The Falconeer: Warrior Edition | Review | Nintendo Switch

  • Developer : Tomas Sala
  • Publisher : Wired Productions
  • Price : £24.99 / $29.99
  • Release Date : 05/08/2021
  • Review Copy Provided By Wired Productions

Introducing: The Falconeer: Warrior Edition Review

When you have a really cool concept, it’s super important that you give it all of the pomp and circumstance it needs. For instance, look at the trailers for Marvel Vs Capcom 3. The idea was to have a crossover fighting game that functioned like a comic book when fighters used their special attacks. So when you had characters like Wolverine literally leaving slash marks in the pages, you knew that the people making this game knew what they were working with and knew how to make it sing. Tying back to the topic at hand, The Falconeer is an interesting bird (HA!) in that it has a really cool concept that deserves to be showcased in the coolest way possible: Aerial dogfights on the back of giant fantasy eagles over a planet covered nearly entirely in ocean. This sounds awesome! So… did they do it? Did they make it rock as hard as it needed to?

Let’s talk about The Falconeer: Warrior Edition.

Fly Like An Eagle

The Falconeer is a story from a few different perspectives that tells the story of several different regions of the world of Ursea. Each chapter has you choosing a member of a different region ranging from a civilian who just wants to help defend their area from Pirates set on stealing what little wealth they have, to Military officials who are doing their best to investigate conflicts around them and dealing with other insane nonsense. Each mission begins with a small map-styled cutscene explaining what you will be doing and then you are immediately whisked off to the mission. Each mission consists of a brief task which might be exploring or escorting a ship or package of some sort and usually has some sort of combat segment before you head back to your home base and claim your reward (usually in the form of the game’s currency, splinters). As far as mission structure goes, it’s fairly basic and it certainly does its job well enough.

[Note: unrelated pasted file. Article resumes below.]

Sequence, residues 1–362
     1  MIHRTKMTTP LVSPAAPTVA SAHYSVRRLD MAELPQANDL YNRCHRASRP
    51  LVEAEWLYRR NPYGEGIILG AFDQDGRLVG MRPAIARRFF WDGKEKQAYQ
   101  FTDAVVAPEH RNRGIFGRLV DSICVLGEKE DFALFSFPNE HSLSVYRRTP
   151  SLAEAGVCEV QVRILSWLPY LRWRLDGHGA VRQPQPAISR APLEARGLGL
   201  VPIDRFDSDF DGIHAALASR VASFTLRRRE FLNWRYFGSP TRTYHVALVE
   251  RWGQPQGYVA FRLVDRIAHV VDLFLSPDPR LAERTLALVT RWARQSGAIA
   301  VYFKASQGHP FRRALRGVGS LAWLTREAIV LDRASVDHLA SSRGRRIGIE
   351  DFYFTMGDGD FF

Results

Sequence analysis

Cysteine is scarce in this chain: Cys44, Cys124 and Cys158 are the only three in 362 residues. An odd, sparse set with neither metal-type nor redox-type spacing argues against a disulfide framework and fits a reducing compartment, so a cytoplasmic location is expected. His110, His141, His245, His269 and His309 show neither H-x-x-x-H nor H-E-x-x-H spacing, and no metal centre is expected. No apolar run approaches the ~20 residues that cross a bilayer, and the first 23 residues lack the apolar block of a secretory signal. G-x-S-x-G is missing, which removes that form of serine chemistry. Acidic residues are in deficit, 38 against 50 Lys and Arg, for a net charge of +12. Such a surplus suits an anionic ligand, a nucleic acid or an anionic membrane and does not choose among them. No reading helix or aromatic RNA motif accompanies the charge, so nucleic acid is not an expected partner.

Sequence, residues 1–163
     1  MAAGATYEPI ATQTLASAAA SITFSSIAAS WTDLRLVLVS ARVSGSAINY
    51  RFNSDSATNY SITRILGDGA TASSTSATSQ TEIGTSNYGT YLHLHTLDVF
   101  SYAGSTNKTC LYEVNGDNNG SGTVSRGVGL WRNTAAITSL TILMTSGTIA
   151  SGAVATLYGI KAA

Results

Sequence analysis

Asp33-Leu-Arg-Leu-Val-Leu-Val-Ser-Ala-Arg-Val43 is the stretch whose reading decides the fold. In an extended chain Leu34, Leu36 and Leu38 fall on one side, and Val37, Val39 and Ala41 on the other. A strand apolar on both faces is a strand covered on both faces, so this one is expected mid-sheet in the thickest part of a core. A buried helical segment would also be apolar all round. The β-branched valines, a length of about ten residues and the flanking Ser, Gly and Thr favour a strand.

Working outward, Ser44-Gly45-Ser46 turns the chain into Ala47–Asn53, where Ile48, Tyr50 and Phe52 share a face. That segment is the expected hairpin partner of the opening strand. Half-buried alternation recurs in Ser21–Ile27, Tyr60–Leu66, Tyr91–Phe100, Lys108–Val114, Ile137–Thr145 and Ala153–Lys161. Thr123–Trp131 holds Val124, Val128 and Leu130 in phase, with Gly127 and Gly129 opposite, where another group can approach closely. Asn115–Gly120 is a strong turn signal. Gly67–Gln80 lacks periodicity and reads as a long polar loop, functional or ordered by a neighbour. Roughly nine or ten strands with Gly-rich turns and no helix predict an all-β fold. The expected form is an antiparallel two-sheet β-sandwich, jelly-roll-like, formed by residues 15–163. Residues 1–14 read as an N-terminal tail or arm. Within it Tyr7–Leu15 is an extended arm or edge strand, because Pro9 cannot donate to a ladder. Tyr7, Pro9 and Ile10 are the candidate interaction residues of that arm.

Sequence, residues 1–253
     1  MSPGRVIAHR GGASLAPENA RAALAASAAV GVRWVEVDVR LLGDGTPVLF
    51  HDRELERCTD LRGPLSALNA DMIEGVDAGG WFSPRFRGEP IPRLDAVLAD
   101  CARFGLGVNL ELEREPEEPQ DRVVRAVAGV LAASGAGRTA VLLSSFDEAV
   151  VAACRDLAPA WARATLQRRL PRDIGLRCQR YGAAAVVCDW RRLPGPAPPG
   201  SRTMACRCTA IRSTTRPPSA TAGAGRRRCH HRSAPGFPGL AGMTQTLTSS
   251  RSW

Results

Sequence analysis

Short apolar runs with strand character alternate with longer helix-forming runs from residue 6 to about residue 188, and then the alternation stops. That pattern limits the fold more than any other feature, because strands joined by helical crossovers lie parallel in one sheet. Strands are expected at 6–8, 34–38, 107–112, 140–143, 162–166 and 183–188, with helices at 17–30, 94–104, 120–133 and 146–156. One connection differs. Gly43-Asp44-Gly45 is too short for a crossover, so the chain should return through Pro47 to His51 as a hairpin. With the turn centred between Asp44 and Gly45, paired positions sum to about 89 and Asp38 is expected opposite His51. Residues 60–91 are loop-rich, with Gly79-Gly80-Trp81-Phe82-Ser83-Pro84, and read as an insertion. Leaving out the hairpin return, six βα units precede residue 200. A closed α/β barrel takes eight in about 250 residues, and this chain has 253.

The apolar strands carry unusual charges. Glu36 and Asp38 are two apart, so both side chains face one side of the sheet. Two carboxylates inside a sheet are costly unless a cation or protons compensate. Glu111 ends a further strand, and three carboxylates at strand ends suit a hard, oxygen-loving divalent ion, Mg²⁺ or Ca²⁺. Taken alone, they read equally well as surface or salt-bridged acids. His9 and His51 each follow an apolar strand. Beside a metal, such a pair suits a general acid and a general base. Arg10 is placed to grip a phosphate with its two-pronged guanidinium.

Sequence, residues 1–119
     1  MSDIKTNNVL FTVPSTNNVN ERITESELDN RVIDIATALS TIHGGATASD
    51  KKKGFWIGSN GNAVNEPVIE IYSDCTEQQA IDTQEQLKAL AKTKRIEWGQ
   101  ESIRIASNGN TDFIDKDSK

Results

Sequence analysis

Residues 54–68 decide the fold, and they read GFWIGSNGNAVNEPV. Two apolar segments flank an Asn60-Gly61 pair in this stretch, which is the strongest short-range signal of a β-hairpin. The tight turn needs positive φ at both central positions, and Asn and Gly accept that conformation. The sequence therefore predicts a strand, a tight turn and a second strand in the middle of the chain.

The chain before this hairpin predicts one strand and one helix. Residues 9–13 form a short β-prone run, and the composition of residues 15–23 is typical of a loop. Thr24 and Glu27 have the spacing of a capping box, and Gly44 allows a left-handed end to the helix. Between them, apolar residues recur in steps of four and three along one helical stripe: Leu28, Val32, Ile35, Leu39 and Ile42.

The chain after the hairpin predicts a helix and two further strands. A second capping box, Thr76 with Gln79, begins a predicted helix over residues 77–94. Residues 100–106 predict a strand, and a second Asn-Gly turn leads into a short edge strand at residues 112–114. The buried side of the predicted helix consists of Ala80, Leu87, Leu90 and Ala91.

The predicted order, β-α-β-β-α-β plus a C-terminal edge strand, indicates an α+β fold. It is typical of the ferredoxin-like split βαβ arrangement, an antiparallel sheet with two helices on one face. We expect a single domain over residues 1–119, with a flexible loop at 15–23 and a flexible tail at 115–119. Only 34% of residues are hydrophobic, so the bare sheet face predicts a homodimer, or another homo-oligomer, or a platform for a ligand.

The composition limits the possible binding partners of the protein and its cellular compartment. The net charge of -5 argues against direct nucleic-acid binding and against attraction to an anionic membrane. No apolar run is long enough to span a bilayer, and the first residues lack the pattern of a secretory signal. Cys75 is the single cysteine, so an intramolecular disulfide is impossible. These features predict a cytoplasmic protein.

As each story unfolds, you get bigger parts of an overarching story that explains a different aspect of the political and civilian lives and aspirations of the different nations of Ursea. I found myself not entirely invested in the world, but I will say that the story is well put together. There’s some extensive writing and world building that took place by the writing team. Also, it’s a cool touch to hear the stories from differing perspectives and starting as a civilian was a great choice.

Gliding Through The Skies

To be fair here (because there will be some criticisms coming up) the air combat and control of your warbird are pretty great. Each bird has a stamina meter used for accelerating and evading. Refilling this meter is pretty cool as just flying around will slowly refill your stamina, but going into a dive will not only refill that gauge significantly faster, but also give you a big speed boost. Next you have ammo regenerating via flying through lightning storms (which is sick and I totally love it), but you need to be careful to not overcharge your ammo cells otherwise you take damage. Each bird also has a powerful cluster shot that homes onto enemies and deals significant damage. The controls are tight! Turning feels nice and flying feels great. I have literally no gripes in this department.

The issue I have is entirely with the missions in this game. This game feels like a hundred escort quests with very little variation. Sure, very rarely something will change and give way to something interesting, but not before 3 hours of “Please go to point A and then escort this ship/package/person back to point B”. Like, I get it, you’re setting up for something, but it does not make for engaging or fun gameplay. That might be the most frustrating part of this whole experience. This game’s premise is DOPE and the controls are fabulous, it’s just not an engaging gameplay loop.